CGRN 140

Decree (?) concerning the cult of the Nymphs at the Asklepieion of Kos

Date :

ca. 300 BC or shortly before

Justification: letterforms (Hallof - Bosnakis) and the same proposer as LSCG 151B / IG XII.4 284 (contra Sherwin-White, who suggests a date of ca. 250 BC).

Provenance

Kos . Once in the Asklepieion. Found in 1933 in the baths of the town. Now in the new storage house in Kos town.

Support

White marble block. The sides have been worn and there are traces of anathyrosis as well as of two support holes.

  • Height: 53 cm
  • Width: 60 cm
  • Depth: 30 cm

Layout

The letters are carefully and elegantly inscribed and the ends of the hastae resemble dots.

2.2-2.6 cm high; round letters as well as zeta and xi: 1.6 cm high. The interlinear space is 1.2 cm high.

Bibliography

Edition here based on Hallof - Bosnakis IG XII.4 285. None of the readings are doubtful.

Other edition: Segre 1938: 191-193 no. 57, with ph.

Cf. also: Sokolowski LSCG 152; Le Guen-Pollet CDE 15, with French translation; IG-online , with the Greek text and translation in German.

Further bibliography: Sherwin-White 1978: 178 n. 18 and 335 n. 397; Cole 1988; Ginouvès 1994: 240-241; Larson 2001; Kearns 2010: 222-223; Kah 2012; Paul 2013a: 185.

Text


Φίλιστος Αἰσχίνα εἶπε· ὅσσοι
κα θύωντι ἐν τῶι ἱερῶι τοῦ Ἀσ-
κλαπιοῦ
ταῖς Νύμφαις, θυόν-
τω
ἐπὶ τῶν βωμῶν· εἰς δὲ τὰς
5κράνας τὰς ἐν τῶι ἱερῶι μὴ ἐξέ-
στω
μηθενὶ πέμμα μηθὲν ἐνβάλ-
λειν
μηδὲ ἄλλο μηθέν· εἰ δέ τίς
κα ἐνβάληι, καθαράτω τὸ ἱερὸν
τᾶν Νυμφᾶν ὡς νομίζεται. vacat

Translation

Philistos son of Aischinas proposed (the following): whoever sacrifices to the Nymphs in the sanctuary of Asclepius, let him sacrifice on the altars. And no one is allowed to throw any (sort of) cake, nor anything else, into the (5) fountains that are in the sanctuary. But if anyone does so, let him purify the sanctuary of the Nymphs as is customary.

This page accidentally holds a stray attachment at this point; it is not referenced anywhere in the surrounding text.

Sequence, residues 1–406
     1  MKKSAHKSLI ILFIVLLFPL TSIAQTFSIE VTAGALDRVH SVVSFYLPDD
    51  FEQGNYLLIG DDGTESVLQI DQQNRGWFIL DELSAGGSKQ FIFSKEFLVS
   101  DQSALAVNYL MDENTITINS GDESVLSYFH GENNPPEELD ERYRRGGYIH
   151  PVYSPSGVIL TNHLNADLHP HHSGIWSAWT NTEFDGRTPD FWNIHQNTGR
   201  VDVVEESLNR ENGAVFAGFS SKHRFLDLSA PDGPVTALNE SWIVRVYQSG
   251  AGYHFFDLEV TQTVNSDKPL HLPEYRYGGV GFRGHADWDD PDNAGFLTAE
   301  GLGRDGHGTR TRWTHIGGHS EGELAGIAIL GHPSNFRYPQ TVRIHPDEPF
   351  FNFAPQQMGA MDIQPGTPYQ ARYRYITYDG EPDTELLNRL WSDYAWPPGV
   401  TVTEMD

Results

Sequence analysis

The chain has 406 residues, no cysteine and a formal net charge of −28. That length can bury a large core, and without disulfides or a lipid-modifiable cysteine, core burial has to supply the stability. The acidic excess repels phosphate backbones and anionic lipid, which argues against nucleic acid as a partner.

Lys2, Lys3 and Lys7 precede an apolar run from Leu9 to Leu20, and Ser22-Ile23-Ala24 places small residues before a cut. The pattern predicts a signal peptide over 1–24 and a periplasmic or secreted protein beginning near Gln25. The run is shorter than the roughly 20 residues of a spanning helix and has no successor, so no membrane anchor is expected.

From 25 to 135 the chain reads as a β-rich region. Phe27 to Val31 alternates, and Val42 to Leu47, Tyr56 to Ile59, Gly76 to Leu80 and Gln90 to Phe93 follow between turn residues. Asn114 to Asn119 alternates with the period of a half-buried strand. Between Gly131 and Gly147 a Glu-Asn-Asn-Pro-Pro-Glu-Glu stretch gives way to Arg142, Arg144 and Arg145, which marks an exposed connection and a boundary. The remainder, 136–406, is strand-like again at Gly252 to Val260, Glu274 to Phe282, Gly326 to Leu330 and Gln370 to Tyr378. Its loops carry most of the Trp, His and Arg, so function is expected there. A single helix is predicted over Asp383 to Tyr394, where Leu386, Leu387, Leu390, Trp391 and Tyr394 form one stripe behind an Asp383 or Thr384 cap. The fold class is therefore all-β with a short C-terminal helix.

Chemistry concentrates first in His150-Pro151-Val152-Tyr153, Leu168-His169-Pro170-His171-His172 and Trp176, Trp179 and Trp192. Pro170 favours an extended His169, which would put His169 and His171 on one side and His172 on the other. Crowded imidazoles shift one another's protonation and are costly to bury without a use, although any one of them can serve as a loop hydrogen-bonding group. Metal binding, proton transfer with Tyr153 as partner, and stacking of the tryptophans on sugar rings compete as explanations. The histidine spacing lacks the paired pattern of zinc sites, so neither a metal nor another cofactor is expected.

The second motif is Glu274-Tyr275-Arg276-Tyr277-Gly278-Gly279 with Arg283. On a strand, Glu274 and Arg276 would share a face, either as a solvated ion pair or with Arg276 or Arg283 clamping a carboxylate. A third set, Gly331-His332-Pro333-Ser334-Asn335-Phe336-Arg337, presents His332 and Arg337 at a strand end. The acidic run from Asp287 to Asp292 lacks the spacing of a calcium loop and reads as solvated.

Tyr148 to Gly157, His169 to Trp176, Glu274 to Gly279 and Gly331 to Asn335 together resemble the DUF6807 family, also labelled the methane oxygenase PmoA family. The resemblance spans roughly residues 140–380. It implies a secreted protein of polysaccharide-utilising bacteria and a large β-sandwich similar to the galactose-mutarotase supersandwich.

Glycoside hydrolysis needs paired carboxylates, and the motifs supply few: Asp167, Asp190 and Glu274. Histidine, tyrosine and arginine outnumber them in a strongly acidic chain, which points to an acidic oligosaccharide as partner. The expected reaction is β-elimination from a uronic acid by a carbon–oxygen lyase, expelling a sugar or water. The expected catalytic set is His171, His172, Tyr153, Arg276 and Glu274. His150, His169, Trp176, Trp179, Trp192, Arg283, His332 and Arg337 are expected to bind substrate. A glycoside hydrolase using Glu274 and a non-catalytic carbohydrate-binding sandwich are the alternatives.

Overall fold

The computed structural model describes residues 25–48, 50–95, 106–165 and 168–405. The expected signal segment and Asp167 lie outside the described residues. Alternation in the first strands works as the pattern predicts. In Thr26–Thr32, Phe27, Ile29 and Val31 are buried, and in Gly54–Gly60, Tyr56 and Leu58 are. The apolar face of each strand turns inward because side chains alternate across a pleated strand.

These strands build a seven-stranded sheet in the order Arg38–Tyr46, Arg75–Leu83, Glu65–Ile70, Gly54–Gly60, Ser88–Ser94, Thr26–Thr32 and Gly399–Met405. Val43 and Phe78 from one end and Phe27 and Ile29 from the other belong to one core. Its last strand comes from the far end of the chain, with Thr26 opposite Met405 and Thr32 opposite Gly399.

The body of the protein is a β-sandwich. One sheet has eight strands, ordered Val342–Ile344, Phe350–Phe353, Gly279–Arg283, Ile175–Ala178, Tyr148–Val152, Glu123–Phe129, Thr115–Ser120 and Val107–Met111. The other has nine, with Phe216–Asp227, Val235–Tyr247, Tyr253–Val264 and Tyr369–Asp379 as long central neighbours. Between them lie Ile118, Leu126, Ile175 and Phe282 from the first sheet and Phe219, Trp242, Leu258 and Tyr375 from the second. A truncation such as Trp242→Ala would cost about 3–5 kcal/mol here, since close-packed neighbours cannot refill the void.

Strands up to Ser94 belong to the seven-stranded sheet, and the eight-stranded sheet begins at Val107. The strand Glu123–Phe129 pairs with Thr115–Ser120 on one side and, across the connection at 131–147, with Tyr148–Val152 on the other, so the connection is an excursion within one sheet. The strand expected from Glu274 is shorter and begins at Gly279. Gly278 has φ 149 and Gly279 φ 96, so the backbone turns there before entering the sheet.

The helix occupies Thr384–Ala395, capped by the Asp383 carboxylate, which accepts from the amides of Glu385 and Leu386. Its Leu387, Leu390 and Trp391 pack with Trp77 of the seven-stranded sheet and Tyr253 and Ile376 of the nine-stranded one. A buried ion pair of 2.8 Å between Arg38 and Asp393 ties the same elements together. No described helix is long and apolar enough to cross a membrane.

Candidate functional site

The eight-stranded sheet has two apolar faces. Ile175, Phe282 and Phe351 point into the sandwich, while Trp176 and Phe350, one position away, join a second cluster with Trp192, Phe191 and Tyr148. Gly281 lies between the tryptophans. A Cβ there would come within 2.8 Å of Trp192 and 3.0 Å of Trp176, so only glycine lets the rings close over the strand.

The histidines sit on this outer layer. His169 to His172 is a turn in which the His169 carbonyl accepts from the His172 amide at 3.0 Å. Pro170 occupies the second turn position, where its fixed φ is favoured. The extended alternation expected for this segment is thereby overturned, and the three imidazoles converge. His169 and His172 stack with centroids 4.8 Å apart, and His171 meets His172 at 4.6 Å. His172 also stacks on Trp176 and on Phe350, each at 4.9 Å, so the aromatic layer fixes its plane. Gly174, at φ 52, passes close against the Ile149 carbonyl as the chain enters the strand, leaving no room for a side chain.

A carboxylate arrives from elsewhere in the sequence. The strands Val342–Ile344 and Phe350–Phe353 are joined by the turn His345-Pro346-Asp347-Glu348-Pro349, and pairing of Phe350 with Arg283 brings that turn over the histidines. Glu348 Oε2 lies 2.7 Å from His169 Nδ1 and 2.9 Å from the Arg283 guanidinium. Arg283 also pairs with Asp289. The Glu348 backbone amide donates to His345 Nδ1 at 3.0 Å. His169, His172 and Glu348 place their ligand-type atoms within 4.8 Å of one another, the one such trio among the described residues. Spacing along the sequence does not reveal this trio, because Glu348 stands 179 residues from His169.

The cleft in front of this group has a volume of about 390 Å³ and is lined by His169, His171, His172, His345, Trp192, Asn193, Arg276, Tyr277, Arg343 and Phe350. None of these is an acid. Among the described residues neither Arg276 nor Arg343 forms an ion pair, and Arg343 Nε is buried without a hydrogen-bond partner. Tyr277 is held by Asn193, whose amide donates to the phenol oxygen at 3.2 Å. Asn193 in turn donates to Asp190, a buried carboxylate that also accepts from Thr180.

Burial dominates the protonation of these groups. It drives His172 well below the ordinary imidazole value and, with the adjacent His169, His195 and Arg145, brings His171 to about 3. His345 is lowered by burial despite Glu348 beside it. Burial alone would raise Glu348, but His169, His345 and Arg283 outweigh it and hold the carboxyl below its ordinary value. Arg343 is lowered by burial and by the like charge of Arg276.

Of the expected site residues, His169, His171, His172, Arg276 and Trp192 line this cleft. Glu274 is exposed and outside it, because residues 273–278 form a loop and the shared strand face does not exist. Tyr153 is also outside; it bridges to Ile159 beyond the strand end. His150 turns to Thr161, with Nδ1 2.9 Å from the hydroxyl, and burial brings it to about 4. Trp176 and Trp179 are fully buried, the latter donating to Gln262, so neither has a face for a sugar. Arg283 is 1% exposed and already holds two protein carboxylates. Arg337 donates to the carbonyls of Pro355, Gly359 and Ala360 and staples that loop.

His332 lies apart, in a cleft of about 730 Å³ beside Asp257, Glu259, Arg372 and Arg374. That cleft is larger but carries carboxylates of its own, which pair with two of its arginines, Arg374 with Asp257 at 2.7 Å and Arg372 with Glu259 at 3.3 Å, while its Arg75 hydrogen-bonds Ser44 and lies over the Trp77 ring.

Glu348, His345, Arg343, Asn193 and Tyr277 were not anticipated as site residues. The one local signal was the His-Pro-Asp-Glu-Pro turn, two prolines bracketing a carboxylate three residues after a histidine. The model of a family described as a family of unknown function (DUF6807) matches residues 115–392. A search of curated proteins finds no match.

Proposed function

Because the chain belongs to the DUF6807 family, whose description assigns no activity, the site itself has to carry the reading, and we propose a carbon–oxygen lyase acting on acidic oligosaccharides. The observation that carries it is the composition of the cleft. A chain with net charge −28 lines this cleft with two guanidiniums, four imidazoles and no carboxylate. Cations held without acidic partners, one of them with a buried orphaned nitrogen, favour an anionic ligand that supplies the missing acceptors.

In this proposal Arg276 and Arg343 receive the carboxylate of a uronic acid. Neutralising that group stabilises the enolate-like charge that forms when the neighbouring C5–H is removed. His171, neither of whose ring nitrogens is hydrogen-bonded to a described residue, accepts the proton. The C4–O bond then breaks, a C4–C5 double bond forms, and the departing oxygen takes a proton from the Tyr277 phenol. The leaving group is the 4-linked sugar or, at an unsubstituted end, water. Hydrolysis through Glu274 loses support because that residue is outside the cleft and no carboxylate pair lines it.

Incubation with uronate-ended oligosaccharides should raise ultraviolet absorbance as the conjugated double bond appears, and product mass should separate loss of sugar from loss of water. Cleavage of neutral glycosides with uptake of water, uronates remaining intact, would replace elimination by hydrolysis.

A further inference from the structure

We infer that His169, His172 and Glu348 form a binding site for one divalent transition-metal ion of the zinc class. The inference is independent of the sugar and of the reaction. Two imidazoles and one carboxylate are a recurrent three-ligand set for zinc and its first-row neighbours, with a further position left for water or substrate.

Traduction

Proposition de Philistas, fils d’Aischinas. Que tous ceux qui sacrifient aux Nymphes dans le sanctuaire d’Asclépios le fassent sur les autels, qu’il ne soit permis à personne de jeter dans les (5) fontaines du sanctuaire, ni gâteau ni rien d'autre. Si quelqu’un jette quoi que ce soit, qu’il purifie le sanctuaire des Nymphes comme c’est l’usage.

(traduction S. Paul)

Commentary

The precise character of the worship of the Nymphs in the Asklepieion of Cos is unknown: the cult-site within the sanctuary has not been precisely identified, but it must have been related to a nearby spring. It is not entirely certain whether the "altars" mentioned in line 4 are those of Asclepius and his associated divinities, or a separate structure destined for the Nymphs. On the Asklepieion of Kos, see also here CGRN 139, with discussion of the other deities associated with Asclepius (Apollo Kyparissios, Epione, and Hygieia). In general, the recurrent worship of Nymphs within Asklepieia is probably due to their close connection with (healing) springs and water. For example, one of the oldest cult sites of the Nymphs in Athens is attested at the Asklepieion, on the south slope of the Acropolis (Larson, p. 129). In the case of Kos, this need not have been a "private" cult, as Segre argues. Rather, the abbreviated (probouleutic?) decree and the identity of the proposer with the one who moved a second, almost contemporaneous decree concerning the protection of the grove of Asclepius (cf. LSCG 150B), suggests that we are dealing with the regulation of a public cult. On the cult of the Nymphs in Kos, see further IG XII.4 282 and cf. Larson (p. 205-206, also on the connection of these goddesses with the Koan Charites). For further evidence of the cult of the Nymphs in the present Collection, cf. e.g. CGRN 17 (Thasos) and CGRN 59 (Thera).